Convection is a process in which air rises due to positive buoyancy (being less dense than surrounding air). In a typical thunderstorm situation, convection begins from near the Earth’s surface and rises throughout the troposphere. Elevated convection is convection that begins aloft such as from the 850 mb level. This can happen when the boundary layer at the surface has stable air but there is a layer of unstable air aloft such as warm and moist air advecting into the area aloft but not at the surface.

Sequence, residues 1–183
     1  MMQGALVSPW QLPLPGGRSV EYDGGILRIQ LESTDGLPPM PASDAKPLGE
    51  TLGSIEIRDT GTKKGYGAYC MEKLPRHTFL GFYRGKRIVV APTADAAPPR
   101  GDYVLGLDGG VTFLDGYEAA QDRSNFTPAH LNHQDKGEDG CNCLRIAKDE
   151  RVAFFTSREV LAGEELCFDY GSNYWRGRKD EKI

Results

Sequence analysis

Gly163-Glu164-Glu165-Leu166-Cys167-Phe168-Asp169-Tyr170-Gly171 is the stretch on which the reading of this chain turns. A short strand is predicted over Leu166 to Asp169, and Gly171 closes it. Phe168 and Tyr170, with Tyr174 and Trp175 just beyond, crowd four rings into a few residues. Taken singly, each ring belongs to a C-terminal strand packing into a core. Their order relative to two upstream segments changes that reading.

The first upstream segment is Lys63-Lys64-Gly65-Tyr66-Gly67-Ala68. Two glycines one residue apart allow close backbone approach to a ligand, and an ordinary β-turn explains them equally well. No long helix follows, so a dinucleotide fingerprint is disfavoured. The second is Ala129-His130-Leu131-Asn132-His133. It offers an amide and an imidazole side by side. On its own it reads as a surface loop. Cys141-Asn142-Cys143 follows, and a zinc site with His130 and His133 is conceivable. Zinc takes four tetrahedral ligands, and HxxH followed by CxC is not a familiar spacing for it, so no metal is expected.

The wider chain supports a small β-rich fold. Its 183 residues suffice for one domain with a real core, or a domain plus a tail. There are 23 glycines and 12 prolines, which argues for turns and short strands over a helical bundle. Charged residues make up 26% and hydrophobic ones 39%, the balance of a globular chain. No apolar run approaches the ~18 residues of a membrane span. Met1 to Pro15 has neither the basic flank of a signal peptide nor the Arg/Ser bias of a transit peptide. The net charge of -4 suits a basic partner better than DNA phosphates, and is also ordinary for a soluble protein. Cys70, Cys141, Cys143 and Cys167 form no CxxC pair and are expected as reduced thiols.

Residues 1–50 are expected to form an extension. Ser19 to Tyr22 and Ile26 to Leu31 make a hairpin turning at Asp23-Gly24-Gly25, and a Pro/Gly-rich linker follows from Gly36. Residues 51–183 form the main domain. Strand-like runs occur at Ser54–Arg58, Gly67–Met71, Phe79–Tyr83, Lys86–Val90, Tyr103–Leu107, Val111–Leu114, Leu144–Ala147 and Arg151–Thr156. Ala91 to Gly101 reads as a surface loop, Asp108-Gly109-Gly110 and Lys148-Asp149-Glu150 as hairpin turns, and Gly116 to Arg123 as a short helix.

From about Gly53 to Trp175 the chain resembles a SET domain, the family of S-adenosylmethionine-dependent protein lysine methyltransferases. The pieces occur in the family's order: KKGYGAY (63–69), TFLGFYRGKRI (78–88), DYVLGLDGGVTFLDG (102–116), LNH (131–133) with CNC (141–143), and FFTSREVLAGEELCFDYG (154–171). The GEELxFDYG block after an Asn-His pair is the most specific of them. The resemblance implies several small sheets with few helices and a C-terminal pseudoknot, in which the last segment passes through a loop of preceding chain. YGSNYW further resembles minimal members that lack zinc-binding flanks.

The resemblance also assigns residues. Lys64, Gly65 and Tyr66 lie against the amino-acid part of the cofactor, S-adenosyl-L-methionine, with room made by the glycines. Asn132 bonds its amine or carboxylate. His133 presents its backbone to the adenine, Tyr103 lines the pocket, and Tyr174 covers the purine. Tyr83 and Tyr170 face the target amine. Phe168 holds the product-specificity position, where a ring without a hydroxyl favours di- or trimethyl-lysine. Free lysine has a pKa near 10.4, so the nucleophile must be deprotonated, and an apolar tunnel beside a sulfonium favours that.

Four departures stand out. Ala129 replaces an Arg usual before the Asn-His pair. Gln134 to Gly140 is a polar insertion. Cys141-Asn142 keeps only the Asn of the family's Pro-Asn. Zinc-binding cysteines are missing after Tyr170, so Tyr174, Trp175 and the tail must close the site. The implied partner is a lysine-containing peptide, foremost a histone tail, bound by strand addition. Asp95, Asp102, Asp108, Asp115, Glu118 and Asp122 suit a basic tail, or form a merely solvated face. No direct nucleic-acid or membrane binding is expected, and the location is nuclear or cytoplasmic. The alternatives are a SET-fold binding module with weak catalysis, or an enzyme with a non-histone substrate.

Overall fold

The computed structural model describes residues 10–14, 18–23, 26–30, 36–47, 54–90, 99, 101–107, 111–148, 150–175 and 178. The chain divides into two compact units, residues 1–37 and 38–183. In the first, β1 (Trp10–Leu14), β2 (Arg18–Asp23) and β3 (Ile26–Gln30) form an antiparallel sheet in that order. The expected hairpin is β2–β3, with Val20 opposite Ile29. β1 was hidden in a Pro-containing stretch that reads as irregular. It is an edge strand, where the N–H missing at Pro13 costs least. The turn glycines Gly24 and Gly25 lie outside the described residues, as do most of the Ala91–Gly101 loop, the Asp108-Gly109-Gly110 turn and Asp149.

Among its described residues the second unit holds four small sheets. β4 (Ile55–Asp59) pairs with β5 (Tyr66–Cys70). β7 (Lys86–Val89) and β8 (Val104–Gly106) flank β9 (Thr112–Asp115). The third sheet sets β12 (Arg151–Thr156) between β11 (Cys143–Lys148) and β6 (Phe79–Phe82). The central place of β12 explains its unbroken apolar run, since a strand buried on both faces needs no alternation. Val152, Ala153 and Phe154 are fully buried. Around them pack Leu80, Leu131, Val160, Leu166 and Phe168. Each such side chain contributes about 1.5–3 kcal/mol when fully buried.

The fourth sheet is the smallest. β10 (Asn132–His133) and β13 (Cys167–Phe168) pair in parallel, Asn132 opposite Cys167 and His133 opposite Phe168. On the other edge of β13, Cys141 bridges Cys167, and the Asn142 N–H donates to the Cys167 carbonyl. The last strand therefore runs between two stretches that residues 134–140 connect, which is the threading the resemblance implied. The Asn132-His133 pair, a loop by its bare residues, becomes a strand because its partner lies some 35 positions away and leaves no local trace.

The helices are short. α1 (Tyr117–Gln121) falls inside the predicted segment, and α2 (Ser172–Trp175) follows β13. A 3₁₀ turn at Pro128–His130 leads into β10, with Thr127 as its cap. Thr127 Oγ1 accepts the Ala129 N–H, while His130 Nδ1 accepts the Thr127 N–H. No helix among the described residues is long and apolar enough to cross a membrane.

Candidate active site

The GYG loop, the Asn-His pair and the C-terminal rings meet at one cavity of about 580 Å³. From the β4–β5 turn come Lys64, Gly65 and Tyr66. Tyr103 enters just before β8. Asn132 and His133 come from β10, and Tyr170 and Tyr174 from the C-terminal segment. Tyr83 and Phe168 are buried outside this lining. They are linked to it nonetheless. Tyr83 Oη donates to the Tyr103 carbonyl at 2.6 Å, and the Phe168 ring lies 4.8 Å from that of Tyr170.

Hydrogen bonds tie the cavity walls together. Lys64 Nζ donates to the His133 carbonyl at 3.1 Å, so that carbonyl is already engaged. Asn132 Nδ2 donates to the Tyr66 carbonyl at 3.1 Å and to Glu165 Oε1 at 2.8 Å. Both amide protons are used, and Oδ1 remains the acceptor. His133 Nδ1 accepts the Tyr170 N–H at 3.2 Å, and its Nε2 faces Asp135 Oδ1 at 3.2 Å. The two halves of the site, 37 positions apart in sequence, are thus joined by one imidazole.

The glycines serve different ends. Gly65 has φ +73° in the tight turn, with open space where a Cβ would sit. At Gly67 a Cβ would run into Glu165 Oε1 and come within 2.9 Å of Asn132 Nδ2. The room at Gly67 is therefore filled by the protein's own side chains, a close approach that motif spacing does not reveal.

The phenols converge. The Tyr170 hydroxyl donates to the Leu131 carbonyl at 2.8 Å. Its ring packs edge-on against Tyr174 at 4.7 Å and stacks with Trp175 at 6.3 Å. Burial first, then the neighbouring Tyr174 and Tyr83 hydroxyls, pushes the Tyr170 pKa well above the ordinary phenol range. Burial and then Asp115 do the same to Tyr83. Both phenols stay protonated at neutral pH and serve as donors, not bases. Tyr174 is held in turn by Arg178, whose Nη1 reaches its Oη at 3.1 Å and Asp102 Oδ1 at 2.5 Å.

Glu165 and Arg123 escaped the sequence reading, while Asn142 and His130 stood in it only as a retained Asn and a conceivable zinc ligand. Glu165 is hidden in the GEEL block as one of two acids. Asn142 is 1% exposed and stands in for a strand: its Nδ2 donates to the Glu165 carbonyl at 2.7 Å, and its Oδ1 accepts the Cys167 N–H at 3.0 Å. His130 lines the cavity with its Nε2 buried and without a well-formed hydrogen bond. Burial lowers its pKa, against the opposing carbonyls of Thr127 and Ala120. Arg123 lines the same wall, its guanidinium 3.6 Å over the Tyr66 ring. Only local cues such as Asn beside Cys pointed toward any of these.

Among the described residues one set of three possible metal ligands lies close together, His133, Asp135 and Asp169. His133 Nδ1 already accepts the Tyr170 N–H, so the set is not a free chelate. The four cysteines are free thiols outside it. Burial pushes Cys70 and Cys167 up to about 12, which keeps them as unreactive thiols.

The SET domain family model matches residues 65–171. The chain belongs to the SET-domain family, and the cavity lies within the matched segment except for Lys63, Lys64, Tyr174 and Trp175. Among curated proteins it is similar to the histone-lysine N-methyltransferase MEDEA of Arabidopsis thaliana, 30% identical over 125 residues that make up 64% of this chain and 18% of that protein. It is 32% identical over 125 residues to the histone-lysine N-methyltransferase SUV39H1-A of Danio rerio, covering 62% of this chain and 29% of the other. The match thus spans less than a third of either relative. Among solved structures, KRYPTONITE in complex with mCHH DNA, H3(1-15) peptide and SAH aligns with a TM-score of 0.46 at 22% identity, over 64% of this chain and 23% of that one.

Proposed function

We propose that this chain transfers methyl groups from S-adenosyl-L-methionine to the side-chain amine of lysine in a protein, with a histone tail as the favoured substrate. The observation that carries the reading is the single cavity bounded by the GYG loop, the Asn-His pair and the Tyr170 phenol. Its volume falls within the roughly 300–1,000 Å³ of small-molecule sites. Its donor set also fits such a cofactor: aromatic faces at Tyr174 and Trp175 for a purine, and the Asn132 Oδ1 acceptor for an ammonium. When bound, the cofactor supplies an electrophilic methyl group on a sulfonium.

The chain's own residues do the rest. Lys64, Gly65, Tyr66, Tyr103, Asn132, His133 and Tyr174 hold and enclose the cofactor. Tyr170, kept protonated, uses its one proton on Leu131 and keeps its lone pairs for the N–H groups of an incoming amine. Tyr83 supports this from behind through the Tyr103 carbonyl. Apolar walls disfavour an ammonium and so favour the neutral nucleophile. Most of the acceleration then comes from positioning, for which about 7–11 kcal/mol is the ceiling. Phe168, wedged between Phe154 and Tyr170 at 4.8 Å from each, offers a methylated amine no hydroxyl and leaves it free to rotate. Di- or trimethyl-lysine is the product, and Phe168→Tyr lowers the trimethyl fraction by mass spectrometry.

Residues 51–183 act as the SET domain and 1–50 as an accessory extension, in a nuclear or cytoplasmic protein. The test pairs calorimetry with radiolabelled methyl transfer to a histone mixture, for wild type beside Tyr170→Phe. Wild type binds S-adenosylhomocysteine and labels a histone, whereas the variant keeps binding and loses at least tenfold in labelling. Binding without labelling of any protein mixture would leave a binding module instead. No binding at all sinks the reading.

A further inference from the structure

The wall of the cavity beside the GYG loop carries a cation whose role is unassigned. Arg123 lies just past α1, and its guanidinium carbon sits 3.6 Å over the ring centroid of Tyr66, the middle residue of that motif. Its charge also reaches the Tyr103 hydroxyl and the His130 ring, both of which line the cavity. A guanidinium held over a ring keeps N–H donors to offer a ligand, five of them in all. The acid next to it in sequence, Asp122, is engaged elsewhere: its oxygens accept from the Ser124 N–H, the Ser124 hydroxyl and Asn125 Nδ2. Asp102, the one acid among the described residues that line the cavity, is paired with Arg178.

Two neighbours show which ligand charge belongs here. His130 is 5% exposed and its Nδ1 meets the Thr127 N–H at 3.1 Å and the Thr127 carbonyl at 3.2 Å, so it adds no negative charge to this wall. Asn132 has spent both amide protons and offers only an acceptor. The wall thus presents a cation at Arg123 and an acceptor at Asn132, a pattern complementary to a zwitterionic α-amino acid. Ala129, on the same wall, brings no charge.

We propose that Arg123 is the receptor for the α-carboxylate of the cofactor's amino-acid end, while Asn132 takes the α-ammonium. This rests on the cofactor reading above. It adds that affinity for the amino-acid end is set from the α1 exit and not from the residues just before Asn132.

Elevated convection can range from upright convection to slantwise convection. Upright convection is the air parcel buoyancy lifting vertically upwards from the surface. Slantwise convection is the air parcel buoyancy lifting at an angle as it rises. The diagram below shows these two methods. Method 1 shows vertical convection where the convection is initiated around 850 mb. Method 2 shows an isentropic lifting pattern over cold stable air at the surface. The warm moist air is advecting and lifting over the cold stable air. Typically, convection is thought of as a vertical process. The indices such as CAPE, LI SWI (Showalter) assume this upright vertical convection process and thus the CAPE, LI, SWI (Showalter) are calculated this way on a Skew-T sounding. However, it is possible for all the (in)stability indices to indicate no instability is present above a location, yet convection still occurs from the process known as slantwise convection. Slantwise convection occurs at an angle. A common situation for slantwise convection to occur is when warm and moist air advects over a warm front boundary. North of the warm front boundary the air at the surface is cool and stable. The depth of this cool air increases with distance ahead of the warm front. Thus as the warm and moist air advects over the warm front it continues to advect to higher altitudes by isentropic lift over the cold stable surface air. While the warm and moist air is on this trajectory it is possible that it will move into an environment in which the air will not only continue to isentropically lift, but will convectively lift. The gentle upglide of the air will suddenly become a rapidly convective uplift (process shown on method 2 below). These types of situations are responsible for producing heavy bands of snow and thundersnow north of a warm front boundary or in other situations where moist air is differentially advecting over stable cold surface air.